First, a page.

India sends diplomatic note to Turkey over Erdoğan's remarks on Kashmir
India summoned the Turkish ambassador on Monday to lodge a diplomatic protest over President Recep Tayyip Erdoğan's remarks on the disputed region of Kashmir. During a visit to Pakistan last week, Erdoğan said the situation in Indian Kashmir was worsening because of sweeping changes New Delhi introduced in the Muslim-majority territory and that Turkey stood in solidarity with the people of Kashmir.
India on Monday sent a diplomatic note to Turkey over President Recep Tayyip Erdoğan's remarks on the Kashmir crisis.
The Indian Foreign Ministry earlier summoned Turkey's Ambassador to Delhi Şakir Özcan Torunlar and accused Turkey of interfering in India's domestic issues.
"It is not acceptable for India," said the Indian foreign ministry spokesperson Raveesh Kumar following the summoning of the envoy. According to Reuters, the spokesperson also warned that the remarks might have a negative impact on Turkish-Indian ties.
During his official visit to Pakistan last week, Erdoğan said the Indian government's "unilateral steps" in the region over the years have accelerated the suffering of the Kashmiri people.
"This approach, which aggravates the current situation and revokes the freedom and vested rights of the Kashmiri people, benefits no one," the president said.
"The Kashmir problem can be solved through conflict or oppression but on the basis of justice and equity," he added.
The president also highlighted that the Kashmir issue is as important to Turkey "as it is to Pakistan."
Erdoğan also mentioned how Turkey raised the Kashmir issue at the U.N. General Assembly last September, in the wake of a lockdown in Indian-administered Jammu and Kashmir.
After Erdoğan's remarks, Kumar said Saturday that Kashmir is an integral and inseparable part of India.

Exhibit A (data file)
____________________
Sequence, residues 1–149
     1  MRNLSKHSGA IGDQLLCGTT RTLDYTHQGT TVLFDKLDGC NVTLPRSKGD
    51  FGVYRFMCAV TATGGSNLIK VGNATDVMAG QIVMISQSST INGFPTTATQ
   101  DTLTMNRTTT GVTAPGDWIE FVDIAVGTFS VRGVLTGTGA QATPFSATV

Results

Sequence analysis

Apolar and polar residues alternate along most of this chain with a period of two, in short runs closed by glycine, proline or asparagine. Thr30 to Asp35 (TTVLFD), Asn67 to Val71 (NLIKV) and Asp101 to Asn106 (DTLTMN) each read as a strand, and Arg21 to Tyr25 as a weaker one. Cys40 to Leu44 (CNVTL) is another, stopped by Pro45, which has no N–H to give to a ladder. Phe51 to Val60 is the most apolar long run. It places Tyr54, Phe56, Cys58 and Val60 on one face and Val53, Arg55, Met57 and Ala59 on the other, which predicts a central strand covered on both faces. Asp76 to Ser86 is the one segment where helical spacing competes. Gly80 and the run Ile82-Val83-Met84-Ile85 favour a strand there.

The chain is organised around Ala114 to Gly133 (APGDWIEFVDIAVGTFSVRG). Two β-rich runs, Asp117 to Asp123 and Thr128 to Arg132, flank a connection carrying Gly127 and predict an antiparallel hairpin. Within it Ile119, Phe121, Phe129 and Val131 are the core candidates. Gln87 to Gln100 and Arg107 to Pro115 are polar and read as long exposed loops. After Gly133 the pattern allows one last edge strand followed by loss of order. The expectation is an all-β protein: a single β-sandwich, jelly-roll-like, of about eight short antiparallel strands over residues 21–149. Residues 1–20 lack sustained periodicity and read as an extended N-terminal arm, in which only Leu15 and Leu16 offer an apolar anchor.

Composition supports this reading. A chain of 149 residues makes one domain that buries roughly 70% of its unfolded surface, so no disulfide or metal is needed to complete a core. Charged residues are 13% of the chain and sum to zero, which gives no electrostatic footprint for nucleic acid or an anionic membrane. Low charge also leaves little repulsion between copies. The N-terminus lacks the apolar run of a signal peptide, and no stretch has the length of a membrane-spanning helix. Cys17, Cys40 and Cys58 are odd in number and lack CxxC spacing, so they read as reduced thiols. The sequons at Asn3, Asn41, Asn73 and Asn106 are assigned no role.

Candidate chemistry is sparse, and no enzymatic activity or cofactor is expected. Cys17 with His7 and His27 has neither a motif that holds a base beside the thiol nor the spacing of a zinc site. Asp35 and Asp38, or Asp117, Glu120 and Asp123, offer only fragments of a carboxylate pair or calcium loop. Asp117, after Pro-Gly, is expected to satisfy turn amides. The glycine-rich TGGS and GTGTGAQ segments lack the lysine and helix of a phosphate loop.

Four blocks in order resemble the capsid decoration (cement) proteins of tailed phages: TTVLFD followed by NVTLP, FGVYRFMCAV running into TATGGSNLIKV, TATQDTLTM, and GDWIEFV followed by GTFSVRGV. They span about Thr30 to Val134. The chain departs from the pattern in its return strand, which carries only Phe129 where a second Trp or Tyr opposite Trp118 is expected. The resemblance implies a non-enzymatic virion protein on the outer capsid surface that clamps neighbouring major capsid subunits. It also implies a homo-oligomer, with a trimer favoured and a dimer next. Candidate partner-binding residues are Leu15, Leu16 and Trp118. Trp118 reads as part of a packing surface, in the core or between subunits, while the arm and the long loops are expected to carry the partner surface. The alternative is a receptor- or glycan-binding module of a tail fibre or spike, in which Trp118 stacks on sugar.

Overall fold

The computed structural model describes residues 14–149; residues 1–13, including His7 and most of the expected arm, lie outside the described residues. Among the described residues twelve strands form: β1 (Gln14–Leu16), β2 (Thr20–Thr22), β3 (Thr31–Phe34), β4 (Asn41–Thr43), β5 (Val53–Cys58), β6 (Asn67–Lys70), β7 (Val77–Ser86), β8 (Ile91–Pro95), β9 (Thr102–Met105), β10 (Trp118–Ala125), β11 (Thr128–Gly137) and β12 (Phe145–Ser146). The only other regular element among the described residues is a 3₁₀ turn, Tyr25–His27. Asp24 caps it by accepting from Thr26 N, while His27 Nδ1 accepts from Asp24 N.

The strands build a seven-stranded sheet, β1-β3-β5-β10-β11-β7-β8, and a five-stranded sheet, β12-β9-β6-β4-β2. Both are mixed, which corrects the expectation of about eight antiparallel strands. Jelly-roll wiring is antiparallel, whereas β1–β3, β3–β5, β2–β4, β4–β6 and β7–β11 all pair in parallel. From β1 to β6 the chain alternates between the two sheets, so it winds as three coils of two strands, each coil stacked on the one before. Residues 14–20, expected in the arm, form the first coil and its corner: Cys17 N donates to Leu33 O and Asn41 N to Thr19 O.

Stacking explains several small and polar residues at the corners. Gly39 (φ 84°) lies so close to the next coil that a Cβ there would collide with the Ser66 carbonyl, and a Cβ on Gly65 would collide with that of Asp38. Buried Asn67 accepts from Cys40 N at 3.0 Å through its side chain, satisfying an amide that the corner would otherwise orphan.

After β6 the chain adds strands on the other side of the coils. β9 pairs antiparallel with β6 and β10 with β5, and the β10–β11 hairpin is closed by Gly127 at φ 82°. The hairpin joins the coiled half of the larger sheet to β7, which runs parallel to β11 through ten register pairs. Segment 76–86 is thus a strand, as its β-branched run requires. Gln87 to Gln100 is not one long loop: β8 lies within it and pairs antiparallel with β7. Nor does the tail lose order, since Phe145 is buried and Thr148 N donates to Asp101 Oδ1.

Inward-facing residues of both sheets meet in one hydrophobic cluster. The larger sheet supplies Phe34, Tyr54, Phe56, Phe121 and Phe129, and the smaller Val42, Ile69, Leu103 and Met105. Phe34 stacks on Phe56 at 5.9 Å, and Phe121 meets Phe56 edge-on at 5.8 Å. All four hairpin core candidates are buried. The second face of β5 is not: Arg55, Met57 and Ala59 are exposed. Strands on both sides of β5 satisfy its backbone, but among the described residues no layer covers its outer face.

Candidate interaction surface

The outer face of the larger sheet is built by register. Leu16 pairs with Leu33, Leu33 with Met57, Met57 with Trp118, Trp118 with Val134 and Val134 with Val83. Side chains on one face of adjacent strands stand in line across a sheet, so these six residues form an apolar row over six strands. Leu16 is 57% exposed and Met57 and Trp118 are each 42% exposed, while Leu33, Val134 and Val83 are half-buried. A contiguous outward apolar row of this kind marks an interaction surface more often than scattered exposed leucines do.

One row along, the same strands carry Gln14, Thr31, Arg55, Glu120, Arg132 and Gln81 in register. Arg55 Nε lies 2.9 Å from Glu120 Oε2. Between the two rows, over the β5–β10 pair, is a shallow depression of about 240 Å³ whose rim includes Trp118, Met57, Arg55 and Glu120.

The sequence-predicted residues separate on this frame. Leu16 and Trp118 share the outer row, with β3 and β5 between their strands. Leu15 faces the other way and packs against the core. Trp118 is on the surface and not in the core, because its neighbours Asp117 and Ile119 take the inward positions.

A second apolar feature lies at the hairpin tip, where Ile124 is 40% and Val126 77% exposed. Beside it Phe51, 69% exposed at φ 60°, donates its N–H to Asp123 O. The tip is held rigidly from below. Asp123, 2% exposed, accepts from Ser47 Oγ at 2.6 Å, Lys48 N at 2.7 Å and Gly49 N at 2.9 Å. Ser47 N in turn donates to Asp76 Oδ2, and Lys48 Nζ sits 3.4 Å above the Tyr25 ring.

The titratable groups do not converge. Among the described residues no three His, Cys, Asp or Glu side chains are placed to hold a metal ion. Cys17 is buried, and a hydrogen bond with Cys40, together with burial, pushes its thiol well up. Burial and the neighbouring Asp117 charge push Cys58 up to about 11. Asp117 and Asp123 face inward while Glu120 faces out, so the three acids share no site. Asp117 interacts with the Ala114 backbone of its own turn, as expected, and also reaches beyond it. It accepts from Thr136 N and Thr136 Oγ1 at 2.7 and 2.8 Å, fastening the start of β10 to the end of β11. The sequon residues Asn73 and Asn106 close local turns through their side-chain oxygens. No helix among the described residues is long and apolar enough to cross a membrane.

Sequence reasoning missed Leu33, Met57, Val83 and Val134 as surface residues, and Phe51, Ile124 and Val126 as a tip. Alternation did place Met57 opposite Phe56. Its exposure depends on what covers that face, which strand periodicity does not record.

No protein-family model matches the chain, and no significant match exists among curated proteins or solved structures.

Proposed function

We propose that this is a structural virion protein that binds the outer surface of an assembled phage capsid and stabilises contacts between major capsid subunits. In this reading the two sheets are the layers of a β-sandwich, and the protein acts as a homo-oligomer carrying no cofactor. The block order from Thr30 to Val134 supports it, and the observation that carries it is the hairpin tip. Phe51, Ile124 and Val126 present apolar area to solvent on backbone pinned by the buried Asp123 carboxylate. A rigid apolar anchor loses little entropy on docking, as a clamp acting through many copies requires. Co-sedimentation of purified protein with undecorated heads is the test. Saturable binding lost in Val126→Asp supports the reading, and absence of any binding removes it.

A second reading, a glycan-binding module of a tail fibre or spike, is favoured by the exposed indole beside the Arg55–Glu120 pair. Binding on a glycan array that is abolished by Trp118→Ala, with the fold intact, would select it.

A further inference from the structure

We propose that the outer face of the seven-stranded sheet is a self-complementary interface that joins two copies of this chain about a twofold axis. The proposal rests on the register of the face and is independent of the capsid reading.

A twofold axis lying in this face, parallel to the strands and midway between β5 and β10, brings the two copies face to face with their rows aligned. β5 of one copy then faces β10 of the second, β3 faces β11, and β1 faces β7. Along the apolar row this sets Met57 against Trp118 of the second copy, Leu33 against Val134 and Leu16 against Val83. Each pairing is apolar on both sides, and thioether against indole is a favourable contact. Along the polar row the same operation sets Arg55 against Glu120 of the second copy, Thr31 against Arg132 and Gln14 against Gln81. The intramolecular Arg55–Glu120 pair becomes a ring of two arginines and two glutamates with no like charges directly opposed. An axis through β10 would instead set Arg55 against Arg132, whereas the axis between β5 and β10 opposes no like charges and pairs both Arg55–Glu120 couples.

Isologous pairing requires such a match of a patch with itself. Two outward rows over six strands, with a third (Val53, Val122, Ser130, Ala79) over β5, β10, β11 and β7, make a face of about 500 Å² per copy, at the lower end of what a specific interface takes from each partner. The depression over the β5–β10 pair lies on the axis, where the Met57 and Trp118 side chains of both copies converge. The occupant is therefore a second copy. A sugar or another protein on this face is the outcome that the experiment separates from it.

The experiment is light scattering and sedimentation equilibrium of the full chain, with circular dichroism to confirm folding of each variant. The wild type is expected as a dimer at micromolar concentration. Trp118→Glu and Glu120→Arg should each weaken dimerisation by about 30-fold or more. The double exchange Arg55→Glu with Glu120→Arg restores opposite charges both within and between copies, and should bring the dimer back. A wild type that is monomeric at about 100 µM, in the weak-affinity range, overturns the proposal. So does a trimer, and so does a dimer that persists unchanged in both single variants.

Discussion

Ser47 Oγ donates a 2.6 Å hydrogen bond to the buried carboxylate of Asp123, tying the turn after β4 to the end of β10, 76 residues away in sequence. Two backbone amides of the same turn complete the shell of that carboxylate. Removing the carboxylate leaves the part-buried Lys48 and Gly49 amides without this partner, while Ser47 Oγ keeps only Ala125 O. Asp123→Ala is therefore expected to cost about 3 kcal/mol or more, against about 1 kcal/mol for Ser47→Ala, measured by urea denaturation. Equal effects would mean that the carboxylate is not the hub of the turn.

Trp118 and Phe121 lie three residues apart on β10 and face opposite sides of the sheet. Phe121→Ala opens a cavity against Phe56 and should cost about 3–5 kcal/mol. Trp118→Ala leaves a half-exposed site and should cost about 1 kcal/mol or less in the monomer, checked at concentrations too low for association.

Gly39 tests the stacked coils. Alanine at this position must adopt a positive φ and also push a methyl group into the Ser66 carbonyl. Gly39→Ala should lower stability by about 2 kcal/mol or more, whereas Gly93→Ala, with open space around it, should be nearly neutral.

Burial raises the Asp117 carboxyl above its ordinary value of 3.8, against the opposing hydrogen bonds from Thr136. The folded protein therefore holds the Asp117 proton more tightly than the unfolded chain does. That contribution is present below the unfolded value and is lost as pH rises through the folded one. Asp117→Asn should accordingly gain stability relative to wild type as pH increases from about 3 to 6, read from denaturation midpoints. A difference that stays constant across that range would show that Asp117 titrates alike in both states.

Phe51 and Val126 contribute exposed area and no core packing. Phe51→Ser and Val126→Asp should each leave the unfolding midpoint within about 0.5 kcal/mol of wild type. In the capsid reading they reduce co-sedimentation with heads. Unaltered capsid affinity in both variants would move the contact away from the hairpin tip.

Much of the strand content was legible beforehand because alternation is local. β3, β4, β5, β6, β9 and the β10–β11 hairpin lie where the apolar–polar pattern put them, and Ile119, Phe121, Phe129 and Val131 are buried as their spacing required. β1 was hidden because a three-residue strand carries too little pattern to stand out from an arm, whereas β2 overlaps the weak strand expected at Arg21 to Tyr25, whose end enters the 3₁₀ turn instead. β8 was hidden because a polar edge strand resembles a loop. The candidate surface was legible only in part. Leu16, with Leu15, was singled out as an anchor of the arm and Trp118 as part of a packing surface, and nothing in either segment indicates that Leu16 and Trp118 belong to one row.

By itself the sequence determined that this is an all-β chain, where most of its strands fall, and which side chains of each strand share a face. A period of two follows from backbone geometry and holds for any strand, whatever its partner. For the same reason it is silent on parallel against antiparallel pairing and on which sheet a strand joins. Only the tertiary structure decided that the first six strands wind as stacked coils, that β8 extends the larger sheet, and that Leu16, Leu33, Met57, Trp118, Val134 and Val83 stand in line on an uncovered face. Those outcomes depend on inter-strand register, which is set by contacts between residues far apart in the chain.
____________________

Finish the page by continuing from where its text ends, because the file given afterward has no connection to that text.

"We call upon the Turkish leadership to not interfere in India's internal affairs and develop a proper understanding of the facts, including the grave threat posed by terrorism emanating from Pakistan to India and the region," the spokesperson said.
The Kashmir dispute, one of the oldest on the agenda of the U.N. Security Council, along with Palestine, erupted between India and Pakistan in 1947. The U.N. Security Council called for a referendum to decide the region's fate in 1948. While India says elections held in territories controlled by administration backed by New Delhi, which decided to back accession to India, makes a referendum unnecessary, the U.N. and Pakistan say a referendum needs to take into account the views of voters throughout the former princely state.
Since 1947, more than 94,000 Kashmiris have been killed during clashes with Indian authorities, according to Pakistani sources. Islamabad has urged the international community to fulfill its moral and legal obligation by giving Kashmiris the chance to realize their inalienable right to self-determination in accordance with the Security Council resolutions.
India has about 500,000 soldiers deployed to its half of Kashmir, where separatists have for decades been fighting for independence or a merger with Pakistan.